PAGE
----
From 2003 onward, any books written about television shows have to cover the landmark that is Ricky Gervais and Stephen Merchant's absolutely fabulous workplace comedy, The Office, or be considered woefully lacking. The international award-winning program has not only been remade in numerous countries, but its mockumentary-style has been used in a number of recent sitcoms, such as Modern Family.
The premise is that a documentary crew interviews office workers and films the daily goings-on in the Slough branch of the Wernham Hogg Paper Company. The branch manager is David Brent (Gervais), a boss who very desperately tries way too hard to be everyone's friend. He frequently though unintentionally says and does something inappropriate that will have viewers in alternating fits of laughter and discomfort. At first, David comes off like a bit of a jerk and a buffoon, but over the course of the 12 episodes and two Christmas specials, Gervais and Merchant reveal a very complex character, one of television's most memorable not just from the past decade but of all time. David hides his feelings of inadequacy under a thin veneer of faux coolness that easily crumbles away at the slightest bit of prodding. This is revealed in the opening moments of the first episode, "Downsize," when David reacts harshly toward receptionist Dawn Tinsley (Lucy Davis) when she playfully joins in his self-deprecation for the camera about his drinking.
The Office is filled with an interesting collection of characters. The show's other main character is Tim Canterbury (Martin Freeman), who is frustrated by his life. He's unsatisfied working as a paper salesman, he is 30 and lives with his parents, and he has a great affection for Dawn. Unfortunately for him, she is engaged to warehouse worker Lee (Joel Beckett) yet the attraction between the two is obvious to everyone. Amidst the frequent chaos, Tim looks into the camera with very funny deadpans as if to ask if anyone else is witnessing the craziness that is taking place. One thing that brings Tim and Dawn closer together is their time playing pranks and teasing Gareth Keenan (Mackenzie Crook), who annoyingly goes on about his volunteer military service and way with the ladies. He also overexerts what little power he has as "Assistant to the Regional Manager," which he always abbreviates to the more prestigious "Assistant Regional Manager."
During Series 1, there is a constant concern about the possible merging of branch offices with Swindon and loss of jobs. David lies to the employees and his boss in an attempt to keep up morale and avoid confrontation. During Series 2, the merge happens with some of the Swindon employees coming to the Slough and David's counterpart Neil Godwin (Patrick Baladi) becoming his supervisor. On top of that, Neil is a better manager, is liked better by the employees, and is very good looking, so David frequently clashes with him. The Swindon branch also brings a rival for Dawn as Rachel (Stacey Roca) begins to date Tim. The Christmas Specials are set three years after the documentary aired on the BBC and catches up with the characters as the new crew reunites them.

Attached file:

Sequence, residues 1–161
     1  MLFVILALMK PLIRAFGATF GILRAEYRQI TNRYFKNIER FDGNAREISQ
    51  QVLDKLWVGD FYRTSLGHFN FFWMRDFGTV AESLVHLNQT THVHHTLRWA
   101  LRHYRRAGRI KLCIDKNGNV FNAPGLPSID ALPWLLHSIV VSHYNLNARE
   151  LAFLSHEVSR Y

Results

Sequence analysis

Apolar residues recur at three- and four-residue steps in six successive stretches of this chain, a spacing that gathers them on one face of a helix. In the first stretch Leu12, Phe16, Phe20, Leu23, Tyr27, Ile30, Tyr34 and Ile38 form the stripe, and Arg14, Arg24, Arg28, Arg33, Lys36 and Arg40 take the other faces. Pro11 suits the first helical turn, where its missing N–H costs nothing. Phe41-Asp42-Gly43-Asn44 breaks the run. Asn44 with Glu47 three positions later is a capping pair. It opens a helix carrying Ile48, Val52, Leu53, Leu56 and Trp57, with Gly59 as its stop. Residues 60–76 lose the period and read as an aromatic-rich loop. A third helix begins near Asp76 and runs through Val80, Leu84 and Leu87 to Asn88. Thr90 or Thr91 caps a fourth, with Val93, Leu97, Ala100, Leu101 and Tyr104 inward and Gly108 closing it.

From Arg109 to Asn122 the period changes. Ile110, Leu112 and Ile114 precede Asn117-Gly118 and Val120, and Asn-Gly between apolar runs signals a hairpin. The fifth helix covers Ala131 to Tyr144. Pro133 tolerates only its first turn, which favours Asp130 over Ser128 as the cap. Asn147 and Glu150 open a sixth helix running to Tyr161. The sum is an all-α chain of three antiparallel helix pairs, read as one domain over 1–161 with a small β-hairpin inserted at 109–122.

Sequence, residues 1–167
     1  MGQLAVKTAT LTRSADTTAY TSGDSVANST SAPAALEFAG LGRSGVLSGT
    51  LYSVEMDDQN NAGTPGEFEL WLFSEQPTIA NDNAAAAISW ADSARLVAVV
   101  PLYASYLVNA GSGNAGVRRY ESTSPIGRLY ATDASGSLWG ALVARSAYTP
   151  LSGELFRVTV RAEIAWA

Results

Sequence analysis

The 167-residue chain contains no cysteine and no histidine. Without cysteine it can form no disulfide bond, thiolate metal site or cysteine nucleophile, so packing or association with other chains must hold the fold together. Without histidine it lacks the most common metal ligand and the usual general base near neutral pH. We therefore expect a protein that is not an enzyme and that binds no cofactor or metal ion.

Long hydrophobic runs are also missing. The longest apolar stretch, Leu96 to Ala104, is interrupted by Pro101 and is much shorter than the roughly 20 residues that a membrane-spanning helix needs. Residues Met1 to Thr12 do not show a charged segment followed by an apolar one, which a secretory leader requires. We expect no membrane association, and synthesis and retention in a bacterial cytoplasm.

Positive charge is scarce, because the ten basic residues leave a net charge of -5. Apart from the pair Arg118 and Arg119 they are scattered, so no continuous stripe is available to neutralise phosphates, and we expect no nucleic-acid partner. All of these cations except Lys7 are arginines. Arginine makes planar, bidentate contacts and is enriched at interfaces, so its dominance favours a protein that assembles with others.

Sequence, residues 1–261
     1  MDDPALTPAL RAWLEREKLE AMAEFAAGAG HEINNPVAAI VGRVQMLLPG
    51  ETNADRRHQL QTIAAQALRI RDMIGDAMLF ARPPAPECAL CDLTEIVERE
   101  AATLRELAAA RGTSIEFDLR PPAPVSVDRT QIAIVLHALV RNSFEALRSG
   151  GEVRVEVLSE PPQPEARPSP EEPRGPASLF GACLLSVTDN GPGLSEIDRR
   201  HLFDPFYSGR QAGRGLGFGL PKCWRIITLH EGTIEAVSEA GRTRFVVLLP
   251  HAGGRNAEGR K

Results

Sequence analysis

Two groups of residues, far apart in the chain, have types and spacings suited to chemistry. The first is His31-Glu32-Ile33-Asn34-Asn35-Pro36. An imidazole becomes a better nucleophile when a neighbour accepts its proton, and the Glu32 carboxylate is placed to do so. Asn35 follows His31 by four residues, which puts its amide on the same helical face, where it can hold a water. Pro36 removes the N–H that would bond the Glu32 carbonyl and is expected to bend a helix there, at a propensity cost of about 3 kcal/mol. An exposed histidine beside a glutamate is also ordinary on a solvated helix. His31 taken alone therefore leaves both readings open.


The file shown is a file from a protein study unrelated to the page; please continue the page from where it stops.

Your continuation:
The Office creates many memorable moments, from hysterically funny to uncomfortably awkward. Though a limited number of episodes, it concludes in a very satisfying way because the growth and changes in the lead characters are very touching.
The Office was previously collected in 2004's Complete Collection set and all those features are included. Disc Two has Comedy Connections: The Office, web videos, a documentary, and deleted scenes. Comedy Connections: The Office is a BBC Scotland program from 2007 that looks at the history of the show and those involved. The five web videos are from the interviews sessions seen in the wraparounds. The documentary "How I Made The Office by Ricky Gervais" covers the creation and production of the show. There are six deleted scenes with written commentary by Gervais and Merchant. Wish they could be seen altogether. Disc Three extras are from Series 2: deleted scenes (13 min), outtakes (8 min), and a video diary (20 min) by Gervais and Merchant about making of series 2. Disc Four extras are from the two Christmas Specials and beyond with commentary by Gervais and Merchant on Part 2, the documentary The Office Closed For Business (23 min), Golden Globes Featurette (6 min) where they pulled off an upset with two wins for Comedy and Best Actor for Gervais, the full song and video by David Brent for "If You Don't Know Me By Now", and Making (the electric version) of "Freelove Freeway" (4 min) with guest vocals by Noel Gallagher.
New for the 10th Anniversary Edition are episode wraparounds on Disc One for Series 1 with Gervais and Merchant; cast members Davies, Crook, Freeman, and Ewen Macintosh, who plays Keith; and famous fans of the show, such as Richard Curtis, Matthew Perry, and Christopher Guest, whose work in Spinal Tap is one of the most notable mockumentaries. Disc Two has what's labelled "Pilot," though it's not actually the pilot per se. It was shot in 1998, and the faux-documentary is focused on David, whose character is more creepy and unlikable. Many bits are reused for the first episode.
Fans should celebrate The Office's aluminium anniversary with this Special Edition if they don't already own it. For those who haven't seen it, if you like to cringe while watching comedy, this is the show for you.